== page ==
Sue Robinson, director of the National Franchised Dealers Association (NFDA), who cited January 2017 SMMT forecasts when she described last year’s 5.7% decline as “in-line with expectations”, said that January’s registrations performance continued to be “in line with expectations”.

Robinson added: “On the used vehicle side, franchised retailers continue to see a buoyant market, which is worth over £65 billion a year.”

Industry comment

Simon Benson, head of motoring services at AA Cars, described the SMMT’s January registration figures painted a fairly bleak picture as “the first real temperature test” of the health of the new car industry in 2018. He said: “With the market now in its 10th month of decline, motorists are clearly wary about purchasing a new vehicle.

“In fact, our own research suggests a lack of consumer confidence cost the industry an estimated £2.6 billion in 2017 alone.”

Chris Green, chief revenue officer of digital garage Regit, hit out at London Mayor Sadiq Kahn’s ongoing attack on private vehicles.

Green hit out at the London Mayor for "continually ignoring" what he called "the city’s biggest polluters", commercial vehicles, and for contributing to the worrying trend for the UK automotive industry. 

He said: “Sadiq Kahn is one of the politicians contributing to what will be a painful few years for the UK’s automotive industry.

“Thoughtless policies, which include an unfair barrage of attacks on private vehicles, without providing infrastructure for consumers to practically consider electric vehicles as an alternative, has seen sales shrink across the majority of markets, with diesel once again hardest hit and jobs will suffer as a result.

“I’m absolutely all for cleaning up our streets, it has to be done, but Sadiq’s policies arrogantly ignore HGVs, vans and the real problems time and time again, despite research showing that across Europe, less than 5% of vehicles are commercial vehicles or heavy duty trucks, but they contribute to almost 20% of greenhouse gas emissions.”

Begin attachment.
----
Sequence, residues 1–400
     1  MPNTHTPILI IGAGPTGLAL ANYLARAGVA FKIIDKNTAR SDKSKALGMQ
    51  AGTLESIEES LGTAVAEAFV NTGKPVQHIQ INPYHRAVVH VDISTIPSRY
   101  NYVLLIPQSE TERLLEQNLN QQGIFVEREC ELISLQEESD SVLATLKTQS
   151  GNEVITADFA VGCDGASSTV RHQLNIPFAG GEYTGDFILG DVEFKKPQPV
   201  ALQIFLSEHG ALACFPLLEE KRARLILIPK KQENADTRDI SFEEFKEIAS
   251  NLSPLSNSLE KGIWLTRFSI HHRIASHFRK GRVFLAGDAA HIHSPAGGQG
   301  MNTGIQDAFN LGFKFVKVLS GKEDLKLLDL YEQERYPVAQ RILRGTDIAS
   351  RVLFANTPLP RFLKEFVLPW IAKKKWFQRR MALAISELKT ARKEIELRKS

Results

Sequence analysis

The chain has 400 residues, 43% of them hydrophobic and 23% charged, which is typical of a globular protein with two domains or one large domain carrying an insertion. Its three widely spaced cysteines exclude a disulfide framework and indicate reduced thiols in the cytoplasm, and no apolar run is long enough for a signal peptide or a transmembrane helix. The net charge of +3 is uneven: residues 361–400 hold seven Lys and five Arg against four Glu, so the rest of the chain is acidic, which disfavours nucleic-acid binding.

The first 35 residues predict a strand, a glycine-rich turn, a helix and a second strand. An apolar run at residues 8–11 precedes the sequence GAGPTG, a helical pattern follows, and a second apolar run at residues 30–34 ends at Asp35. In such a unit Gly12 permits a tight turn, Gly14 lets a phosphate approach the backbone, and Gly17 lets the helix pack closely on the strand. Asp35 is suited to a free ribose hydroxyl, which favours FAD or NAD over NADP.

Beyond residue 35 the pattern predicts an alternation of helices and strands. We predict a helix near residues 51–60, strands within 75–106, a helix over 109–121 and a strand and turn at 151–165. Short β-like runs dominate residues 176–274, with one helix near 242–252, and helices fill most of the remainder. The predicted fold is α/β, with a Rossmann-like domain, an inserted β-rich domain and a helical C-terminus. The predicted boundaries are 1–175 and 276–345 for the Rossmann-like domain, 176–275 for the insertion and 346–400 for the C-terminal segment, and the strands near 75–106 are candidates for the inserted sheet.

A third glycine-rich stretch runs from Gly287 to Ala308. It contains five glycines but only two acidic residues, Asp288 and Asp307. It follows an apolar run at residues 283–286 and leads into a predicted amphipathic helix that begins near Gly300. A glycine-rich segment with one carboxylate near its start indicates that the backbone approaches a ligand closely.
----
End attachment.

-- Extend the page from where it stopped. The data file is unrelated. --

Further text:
Alex Buttle, director of car buying comparison website, said: “After a tough 12 months, the UK car industry needed a strong start to the New Year. Sadly, on the surface, January figures make grim reading.

“If the car industry is to recover by 2019, the Government needs to consider putting its full backing behind AFVs. It also needs to do more to educate consumers about their options.

"And if a meaningful switch away from fossil fuels is to occur, there needs to be financial incentives for consumers to switch to hybrid and electric vehicles now, not in 10 years.”

James Hind, founder and chief executive of carwow, highlighted a number of manufacturer offers as evidence that OEMs were “pulling out all the stops” in an attempt to generate sales in Q1.

He added: “However, it’s clear the industry continues to be hindered by lack of clarity on diesel and the delay in implementing the electric car charging infrastructure promised in The Budget.”